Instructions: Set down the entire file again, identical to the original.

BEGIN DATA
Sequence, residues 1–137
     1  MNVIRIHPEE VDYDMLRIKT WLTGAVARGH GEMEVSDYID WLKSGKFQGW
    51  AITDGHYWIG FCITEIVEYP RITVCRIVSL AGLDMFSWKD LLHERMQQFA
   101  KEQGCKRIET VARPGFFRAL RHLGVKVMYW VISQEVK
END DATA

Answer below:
Sequence, residues 1–137
     1  MNVIRIHPEE VDYDMLRIKT WLTGAVARGH GEMEVSDYID WLKSGKFQGW
    51  AITDGHYWIG FCITEIVEYP RITVCRIVSL AGLDMFSWKD LLHERMQQFA
   101  KEQGCKRIET VARPGFFRAL RHLGVKVMYW VISQEVK